This is a really sad, touching item from Kilvert’s Diary, about a parishioner who suffered from what seems to have been a bad bout of depression. Lunatic Asylums were infamous in Georgian times as places where the mentally ill were mistreated and often provided entertainment for visitors, but they were mostly for people unable to work, so were really in a bad way, often violent to themselves or to others so the main treatment was to restrain them. But this shows Kilvert’s empathy for a man who both suffered and explained his pain eloquently.
John Couzens… [described] how the Devil had tempted him to destroy himself. It came on first quite suddenly in Parson’s Ground by the side of the old lane while he was cutting some flower sticks with a bill hook. He threw himself down on the ground in his misery, got away from his bill hook and at last dozed off. His sleep and appetite went from him, and he had no heart nor comfort in his work. He dared not be alone nor within reach of a knife for fear he should cut his throat. He often brought Alice his wife down to be with him while he was at his work and could only rest quiet at night as long as he had his arm round her, for he feared the devil would come and carry him away. He was utterly miserable and one day he went down on his hands and knees behind the great Portugal laurel bush on the lawn by the copper beach … and cried and prayed terribly and as if his heart would break. The trouble and temptation lasted some months. He did not know what made it come on suddenly then, for he was in good health and spirits. He believed God sent it. For he began to feel how wicked he had been, cursing and swearing and drinking as a young man. The Devil tempted him to destroy himself because he was so wicked. Once when he went up into the loft to throw down some straw he was tempted to make an end of himself by throwing himself down.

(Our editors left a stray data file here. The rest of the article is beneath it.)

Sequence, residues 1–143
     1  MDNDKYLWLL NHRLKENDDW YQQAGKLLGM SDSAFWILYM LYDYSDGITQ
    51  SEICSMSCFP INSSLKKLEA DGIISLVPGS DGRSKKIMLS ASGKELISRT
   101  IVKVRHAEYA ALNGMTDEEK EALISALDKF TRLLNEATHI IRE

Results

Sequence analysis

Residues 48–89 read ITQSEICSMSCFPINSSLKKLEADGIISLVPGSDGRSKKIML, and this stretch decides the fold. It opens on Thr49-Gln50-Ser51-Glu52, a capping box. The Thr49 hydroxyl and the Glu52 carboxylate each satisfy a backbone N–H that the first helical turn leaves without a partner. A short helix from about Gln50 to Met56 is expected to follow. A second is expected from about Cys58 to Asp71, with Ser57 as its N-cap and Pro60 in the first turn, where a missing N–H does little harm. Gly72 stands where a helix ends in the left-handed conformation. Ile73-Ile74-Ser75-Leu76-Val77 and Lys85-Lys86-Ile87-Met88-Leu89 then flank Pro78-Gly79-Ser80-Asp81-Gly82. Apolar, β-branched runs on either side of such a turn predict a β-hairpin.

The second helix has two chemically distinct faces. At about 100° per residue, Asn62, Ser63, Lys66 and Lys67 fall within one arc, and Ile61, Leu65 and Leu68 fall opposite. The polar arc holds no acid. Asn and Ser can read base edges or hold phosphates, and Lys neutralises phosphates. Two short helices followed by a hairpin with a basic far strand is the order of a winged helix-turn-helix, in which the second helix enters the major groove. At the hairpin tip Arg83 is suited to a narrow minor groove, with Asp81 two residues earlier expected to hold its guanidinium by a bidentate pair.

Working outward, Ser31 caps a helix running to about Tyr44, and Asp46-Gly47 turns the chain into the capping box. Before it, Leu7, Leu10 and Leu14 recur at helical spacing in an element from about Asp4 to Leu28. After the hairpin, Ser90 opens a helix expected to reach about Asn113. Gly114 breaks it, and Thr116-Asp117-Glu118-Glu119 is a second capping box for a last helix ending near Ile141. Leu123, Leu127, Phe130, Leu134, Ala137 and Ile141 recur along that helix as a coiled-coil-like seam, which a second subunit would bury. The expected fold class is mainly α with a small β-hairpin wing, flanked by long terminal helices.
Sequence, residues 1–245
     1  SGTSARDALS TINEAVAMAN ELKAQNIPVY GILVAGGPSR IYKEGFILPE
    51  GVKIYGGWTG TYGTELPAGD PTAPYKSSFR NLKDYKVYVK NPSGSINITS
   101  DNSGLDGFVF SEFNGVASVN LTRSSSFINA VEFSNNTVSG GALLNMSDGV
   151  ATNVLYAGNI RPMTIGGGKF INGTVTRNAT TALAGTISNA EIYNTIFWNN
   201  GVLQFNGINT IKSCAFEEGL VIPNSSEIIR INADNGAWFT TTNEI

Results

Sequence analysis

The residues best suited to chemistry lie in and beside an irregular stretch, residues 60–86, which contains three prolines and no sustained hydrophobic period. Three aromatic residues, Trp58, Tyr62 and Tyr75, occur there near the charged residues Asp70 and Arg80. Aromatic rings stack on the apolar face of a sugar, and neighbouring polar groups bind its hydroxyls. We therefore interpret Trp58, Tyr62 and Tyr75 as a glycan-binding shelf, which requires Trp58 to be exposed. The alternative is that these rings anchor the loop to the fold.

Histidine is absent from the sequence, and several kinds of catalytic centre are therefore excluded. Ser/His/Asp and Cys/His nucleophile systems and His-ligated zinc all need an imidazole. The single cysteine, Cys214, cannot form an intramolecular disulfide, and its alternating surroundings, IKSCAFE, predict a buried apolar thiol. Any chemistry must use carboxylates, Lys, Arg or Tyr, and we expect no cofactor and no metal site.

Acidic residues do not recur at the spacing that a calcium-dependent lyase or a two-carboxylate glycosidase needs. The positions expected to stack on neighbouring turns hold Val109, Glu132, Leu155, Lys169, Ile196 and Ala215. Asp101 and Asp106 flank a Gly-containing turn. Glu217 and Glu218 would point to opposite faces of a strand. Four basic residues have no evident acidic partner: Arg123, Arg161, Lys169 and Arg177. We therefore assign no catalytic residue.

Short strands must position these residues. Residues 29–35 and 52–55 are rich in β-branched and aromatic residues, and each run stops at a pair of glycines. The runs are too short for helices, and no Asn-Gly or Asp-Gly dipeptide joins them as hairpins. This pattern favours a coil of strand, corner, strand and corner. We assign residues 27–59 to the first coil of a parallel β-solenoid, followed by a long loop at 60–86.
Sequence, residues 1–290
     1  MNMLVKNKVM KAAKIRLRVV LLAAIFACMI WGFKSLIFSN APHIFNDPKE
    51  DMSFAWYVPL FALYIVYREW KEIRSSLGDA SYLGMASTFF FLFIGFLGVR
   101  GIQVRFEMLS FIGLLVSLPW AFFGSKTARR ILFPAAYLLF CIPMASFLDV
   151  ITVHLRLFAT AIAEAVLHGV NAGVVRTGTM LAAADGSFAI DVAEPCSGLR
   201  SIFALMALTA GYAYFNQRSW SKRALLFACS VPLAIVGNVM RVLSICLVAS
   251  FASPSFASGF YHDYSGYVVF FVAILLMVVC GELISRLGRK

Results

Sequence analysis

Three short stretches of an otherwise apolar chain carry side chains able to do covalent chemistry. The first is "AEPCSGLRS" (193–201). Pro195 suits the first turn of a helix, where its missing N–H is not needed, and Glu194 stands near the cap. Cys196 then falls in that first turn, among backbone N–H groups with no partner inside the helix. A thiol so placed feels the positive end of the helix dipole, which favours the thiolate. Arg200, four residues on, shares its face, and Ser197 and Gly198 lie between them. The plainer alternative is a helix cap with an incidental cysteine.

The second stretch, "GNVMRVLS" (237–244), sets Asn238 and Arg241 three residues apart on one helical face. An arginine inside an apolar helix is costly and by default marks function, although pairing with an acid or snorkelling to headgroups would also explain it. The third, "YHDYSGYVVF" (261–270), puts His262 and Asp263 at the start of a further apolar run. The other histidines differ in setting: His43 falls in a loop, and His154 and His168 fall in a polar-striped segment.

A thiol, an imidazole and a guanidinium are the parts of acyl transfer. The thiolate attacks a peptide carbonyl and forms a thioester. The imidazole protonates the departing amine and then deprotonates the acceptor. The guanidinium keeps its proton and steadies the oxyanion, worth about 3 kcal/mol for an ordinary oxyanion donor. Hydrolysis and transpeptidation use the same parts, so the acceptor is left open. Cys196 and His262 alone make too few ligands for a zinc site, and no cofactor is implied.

“Master told me not to do anything that he didn’t tell me, and not to do anything to myself, but what good were it to tell me that? Mr Headle came here one day and he said to me “Shake it off, john, Shake it off”, but what good were that? That were easier said than done… Gradually the trouble and temptation passed away. ‘I’m another man now’ he said, ‘I’ve been a different man ever since. But’, he said earnestly, striking his hand upon his shears, ‘I wouldn’t have any poor creature go through what I went through then, and I wouldn’t go through a week of it again for all Squire Ashe’s fortune.”
Oh, how little we know of the agonise that are being endured within a few yards of us.
Perhaps the most important thing to take from this account is that the man’s illness passed. Some people describe such bouts as being caught in a storm. They need to hold on, to hunker down till it passes.